Marseille, South of France

Major seaport and an important commercial and industrial center. 
The second largest city of France after Paris. Population (1990) 807,726.

Manufactures of the Marseille metropolitan area include iron and steel, chemicals, plastic and metal products, ships, refined petroleum, construction materials, soap, and processed food.

Commerce at the port increased in the 18th century, before suffering a severe setback during the French Revolution (1789-1799) and the Napoleonic Wars (1799-1815). After 1850 port facilities were greatly expanded, and many industries were established at Marseille.

The city was occupied and badly damaged by the Germans in World War II (1939-1945). Subsequently, major construction programs transformed Marseille into a modern community with many high-rise buildings.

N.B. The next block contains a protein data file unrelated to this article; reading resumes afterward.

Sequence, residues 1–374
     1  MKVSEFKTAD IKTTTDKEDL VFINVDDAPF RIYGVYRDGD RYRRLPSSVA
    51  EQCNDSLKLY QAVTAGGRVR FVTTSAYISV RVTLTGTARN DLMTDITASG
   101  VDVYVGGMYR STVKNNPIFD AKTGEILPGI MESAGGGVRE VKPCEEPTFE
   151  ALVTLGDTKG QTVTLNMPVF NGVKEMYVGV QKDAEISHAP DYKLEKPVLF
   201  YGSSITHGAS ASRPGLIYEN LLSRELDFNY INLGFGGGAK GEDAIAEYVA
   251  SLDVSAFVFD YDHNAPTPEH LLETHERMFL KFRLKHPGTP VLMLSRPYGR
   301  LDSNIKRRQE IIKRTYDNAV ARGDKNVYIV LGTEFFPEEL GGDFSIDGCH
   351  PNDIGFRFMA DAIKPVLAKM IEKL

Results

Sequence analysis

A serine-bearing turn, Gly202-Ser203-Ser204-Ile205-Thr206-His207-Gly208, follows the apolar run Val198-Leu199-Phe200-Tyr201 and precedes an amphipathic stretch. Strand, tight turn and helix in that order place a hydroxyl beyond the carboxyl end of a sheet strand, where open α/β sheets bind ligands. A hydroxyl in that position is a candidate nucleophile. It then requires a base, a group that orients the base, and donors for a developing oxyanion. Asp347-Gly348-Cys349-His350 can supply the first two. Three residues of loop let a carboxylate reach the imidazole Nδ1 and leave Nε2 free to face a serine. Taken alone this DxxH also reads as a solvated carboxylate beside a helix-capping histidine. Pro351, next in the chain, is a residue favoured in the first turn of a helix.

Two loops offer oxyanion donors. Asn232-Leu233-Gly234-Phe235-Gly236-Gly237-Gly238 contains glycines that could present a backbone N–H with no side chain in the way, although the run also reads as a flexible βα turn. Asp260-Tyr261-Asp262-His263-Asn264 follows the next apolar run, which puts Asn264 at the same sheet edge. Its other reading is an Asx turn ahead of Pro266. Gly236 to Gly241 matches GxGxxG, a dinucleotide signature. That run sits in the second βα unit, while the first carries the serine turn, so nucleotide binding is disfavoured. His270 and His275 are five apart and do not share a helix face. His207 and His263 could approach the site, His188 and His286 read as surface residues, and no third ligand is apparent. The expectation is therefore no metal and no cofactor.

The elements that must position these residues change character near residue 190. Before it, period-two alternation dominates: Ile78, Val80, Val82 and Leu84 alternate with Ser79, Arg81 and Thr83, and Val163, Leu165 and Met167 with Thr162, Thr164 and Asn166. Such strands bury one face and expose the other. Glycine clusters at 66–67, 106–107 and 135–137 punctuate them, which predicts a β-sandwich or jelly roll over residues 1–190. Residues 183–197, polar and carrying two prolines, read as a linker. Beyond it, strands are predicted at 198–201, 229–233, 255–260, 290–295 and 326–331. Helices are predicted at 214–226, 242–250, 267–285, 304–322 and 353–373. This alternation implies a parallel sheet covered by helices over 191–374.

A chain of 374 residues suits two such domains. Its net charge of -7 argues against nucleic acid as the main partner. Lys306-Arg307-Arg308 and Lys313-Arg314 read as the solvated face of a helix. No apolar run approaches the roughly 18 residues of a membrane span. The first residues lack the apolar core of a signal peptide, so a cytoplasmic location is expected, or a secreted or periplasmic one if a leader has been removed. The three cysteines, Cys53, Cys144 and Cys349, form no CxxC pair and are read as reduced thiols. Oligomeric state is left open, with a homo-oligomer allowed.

Many of the city's residents are descendants of immigrants from Italy, Spain, and North Africa. Marseille was also a major resettlement point for former colonists who returned to Europe when Algeria became independent in 1962.

About 600 BC the site of Marseille was colonized by Greeks from Asia Minor and called Massalía. The settlement flourished, and during the Punic Wars in the 2nd and 3rd centuries BC it sided with Rome against Carthage. In 49 BC, after supporting Pompey the Great in the civil war against Julius Caesar, the city was annexed by Rome. The inhabitants were converted to Christianity during the 3rd century AD, and in 304 St. Vincent was martyred here. In the 10th century it became a dominion of the counts of Provence, and in the 13th century it was made a republic. The city was incorporated into the kingdom of France in 1481.

The city is linked by canal with the Rhône River and is served by extensive rail and air transport facilities. The large petroleum port of Fos, chiefly developed in the 1970s, is nearby.

Major cities near Marseille:

350 km
650 km
250 km

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